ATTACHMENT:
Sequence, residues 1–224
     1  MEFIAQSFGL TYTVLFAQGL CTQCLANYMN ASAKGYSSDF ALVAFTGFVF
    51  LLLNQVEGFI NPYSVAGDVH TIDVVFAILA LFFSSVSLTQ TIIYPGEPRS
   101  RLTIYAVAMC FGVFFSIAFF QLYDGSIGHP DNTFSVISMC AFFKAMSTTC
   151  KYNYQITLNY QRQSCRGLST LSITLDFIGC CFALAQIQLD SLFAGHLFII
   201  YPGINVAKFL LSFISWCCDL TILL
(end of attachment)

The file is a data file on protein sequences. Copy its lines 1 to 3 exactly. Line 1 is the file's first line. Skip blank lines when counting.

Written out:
Sequence, residues 1–224
     1  MEFIAQSFGL TYTVLFAQGL CTQCLANYMN ASAKGYSSDF ALVAFTGFVF
    51  LLLNQVEGFI NPYSVAGDVH TIDVVFAILA LFFSSVSLTQ TIIYPGEPRS